Purpose: Multimorbidity (i.e., ≥ 2 chronic conditions) poses a challenge for health systems and governments, globally. Several studies have found inverse associations between multimorbidity and quality of life (QoL). However, there is a paucity of studies from low- and middle-income countries (LMICs), especially among the older population, as well as studies examining mediating factors in this association. Thus, the present study aimed to explore the associations, and mediating factors, between multimorbidity and QoL among older adults in LMICs. Methods: Cross-sectional nationally representative data from the Study on Global Ageing and Adult Health were analyzed. A total of 11 chronic conditions were assessed. QoL was assessed with the 8-item WHO QoL instrument (range 0–100) with higher scores representing better QoL. Multivariable linear regression and mediation analyses were conducted to assess associations. Results: The final sample consisted of 34,129 adults aged ≥ 50 years [mean (SD) age 62.4 (16.0) years; age range 50–114 years; 52.0% females]. Compared to no chronic conditions, 2 (b-coefficient − 5.89; 95% CI − 6.83, − 4.95), 3 (− 8.35; − 9.63, − 7.06), 4 (− 10.87; − 12.37, − 9.36), and ≥ 5 (− 13.48; − 15.91, − 11.06) chronic conditions were significantly associated with lower QoL, dose-dependently. The mediation analysis showed that mobility (47.9%) explained the largest proportion of the association between multimorbidity and QoL, followed by pain/discomfort (43.5%), sleep/energy (35.0%), negative affect (31.9%), cognition (20.2%), self-care (17.0%), and interpersonal activities (12.0%). Conclusion: A greater number of chronic conditions was associated with lower QoL dose-dependently among older adults in LMICs. Public health and medical practitioners should aim to address the identified mediators to improve QoL in patients with multimorbidity.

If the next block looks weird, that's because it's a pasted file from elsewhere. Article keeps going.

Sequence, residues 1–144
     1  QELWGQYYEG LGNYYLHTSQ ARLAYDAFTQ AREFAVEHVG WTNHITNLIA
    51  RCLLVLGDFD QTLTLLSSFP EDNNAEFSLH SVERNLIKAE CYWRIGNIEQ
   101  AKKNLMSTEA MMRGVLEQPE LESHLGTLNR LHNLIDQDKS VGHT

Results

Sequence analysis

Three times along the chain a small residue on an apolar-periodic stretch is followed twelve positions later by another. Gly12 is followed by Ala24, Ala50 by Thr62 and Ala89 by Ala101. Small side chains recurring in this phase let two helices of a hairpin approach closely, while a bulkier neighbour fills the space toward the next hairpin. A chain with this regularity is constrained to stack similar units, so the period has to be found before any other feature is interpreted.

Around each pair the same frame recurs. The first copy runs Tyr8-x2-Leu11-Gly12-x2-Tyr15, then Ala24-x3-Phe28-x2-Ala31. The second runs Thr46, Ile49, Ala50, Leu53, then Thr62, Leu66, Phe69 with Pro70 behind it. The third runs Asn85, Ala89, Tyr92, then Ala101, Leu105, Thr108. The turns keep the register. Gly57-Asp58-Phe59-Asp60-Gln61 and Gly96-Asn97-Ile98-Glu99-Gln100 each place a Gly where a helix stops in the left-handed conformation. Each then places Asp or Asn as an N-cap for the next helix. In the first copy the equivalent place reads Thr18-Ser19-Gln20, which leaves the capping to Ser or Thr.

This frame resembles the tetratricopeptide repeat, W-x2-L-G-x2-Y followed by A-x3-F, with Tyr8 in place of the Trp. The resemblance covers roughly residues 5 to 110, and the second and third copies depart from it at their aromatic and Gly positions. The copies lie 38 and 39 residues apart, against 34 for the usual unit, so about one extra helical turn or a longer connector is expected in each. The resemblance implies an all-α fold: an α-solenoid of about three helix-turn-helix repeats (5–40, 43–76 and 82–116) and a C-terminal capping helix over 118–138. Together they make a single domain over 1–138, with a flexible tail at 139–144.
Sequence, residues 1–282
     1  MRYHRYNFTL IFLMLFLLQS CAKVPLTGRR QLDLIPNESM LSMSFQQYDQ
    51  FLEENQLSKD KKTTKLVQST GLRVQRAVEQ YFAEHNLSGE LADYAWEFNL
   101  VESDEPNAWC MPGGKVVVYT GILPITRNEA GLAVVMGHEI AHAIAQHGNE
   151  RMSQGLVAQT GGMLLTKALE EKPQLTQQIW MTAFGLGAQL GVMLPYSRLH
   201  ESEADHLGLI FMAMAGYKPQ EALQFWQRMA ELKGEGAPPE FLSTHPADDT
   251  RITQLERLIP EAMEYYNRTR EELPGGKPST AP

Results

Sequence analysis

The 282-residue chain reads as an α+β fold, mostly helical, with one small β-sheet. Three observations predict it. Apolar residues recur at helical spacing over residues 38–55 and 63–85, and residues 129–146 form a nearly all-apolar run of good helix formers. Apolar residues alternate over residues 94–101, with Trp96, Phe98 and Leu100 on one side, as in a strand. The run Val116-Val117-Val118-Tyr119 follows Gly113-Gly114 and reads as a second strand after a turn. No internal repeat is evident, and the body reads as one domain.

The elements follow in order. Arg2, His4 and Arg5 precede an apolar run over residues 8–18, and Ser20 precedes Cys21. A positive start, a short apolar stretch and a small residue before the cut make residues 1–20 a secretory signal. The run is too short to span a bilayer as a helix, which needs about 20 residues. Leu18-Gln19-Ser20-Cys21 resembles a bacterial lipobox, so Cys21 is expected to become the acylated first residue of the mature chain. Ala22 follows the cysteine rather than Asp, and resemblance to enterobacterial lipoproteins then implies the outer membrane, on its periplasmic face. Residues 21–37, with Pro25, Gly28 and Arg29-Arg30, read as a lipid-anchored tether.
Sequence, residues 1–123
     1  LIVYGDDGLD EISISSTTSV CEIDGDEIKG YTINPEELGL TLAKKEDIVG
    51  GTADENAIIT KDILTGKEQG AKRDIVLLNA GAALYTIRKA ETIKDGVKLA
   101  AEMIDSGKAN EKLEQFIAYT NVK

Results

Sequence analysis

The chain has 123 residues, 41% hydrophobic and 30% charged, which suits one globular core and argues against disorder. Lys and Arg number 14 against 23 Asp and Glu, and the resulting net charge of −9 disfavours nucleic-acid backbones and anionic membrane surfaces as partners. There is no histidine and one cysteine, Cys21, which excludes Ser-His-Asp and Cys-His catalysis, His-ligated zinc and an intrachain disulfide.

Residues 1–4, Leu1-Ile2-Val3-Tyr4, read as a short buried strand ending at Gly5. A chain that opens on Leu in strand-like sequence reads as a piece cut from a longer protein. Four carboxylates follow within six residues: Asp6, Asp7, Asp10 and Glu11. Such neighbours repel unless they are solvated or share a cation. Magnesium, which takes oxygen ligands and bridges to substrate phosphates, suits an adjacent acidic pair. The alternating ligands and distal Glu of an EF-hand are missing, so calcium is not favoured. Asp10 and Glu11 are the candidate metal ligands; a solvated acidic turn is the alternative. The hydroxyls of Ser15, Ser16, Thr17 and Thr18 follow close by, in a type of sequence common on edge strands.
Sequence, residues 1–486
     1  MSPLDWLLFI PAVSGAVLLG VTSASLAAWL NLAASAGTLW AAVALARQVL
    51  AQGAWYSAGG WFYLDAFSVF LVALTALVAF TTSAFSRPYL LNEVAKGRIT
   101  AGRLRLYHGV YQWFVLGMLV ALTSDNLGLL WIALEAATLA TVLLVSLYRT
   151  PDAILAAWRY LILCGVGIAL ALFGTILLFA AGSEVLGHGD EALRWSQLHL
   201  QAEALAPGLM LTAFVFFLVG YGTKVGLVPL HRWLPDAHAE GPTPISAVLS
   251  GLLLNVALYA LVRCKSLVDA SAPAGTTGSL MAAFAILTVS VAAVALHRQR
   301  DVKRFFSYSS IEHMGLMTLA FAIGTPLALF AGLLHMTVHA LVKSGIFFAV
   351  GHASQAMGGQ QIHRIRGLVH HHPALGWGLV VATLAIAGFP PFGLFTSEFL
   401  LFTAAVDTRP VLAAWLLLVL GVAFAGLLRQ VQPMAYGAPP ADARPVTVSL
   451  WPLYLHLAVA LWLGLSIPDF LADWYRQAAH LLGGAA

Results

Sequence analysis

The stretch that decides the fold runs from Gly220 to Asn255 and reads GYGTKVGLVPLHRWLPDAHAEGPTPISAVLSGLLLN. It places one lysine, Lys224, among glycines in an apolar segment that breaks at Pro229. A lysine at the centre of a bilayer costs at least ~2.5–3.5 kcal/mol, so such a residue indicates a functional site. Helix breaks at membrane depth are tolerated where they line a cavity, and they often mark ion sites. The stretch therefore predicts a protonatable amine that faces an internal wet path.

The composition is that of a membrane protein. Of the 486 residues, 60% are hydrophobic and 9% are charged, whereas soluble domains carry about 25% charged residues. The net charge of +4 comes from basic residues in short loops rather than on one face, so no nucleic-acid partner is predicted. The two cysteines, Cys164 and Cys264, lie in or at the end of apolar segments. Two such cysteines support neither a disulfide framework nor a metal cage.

|Journal||Quality of Life Research|
|Publication status||Accepted/In press - 2022|
Bibliographical noteFunding Information:
Open Access funding provided thanks to the CRUE-CSIC agreement with Springer Nature. Dr. Guillermo F. López Sánchez is funded by the European Union—Next Generation EU.
This paper uses data from WHO’s Study on Global Ageing and Adult Health (SAGE). SAGE is supported by the U.S. National Institute on Aging through Interagency Agreements OGHA 04034785, YA1323–08-CN-0020, Y1-AG-1005–01 and through research grants R01-AG034479 and R21-AG034263.
© 2022, The Author(s).
All Science Journal Classification (ASJC) codes
- Public Health, Environmental and Occupational Health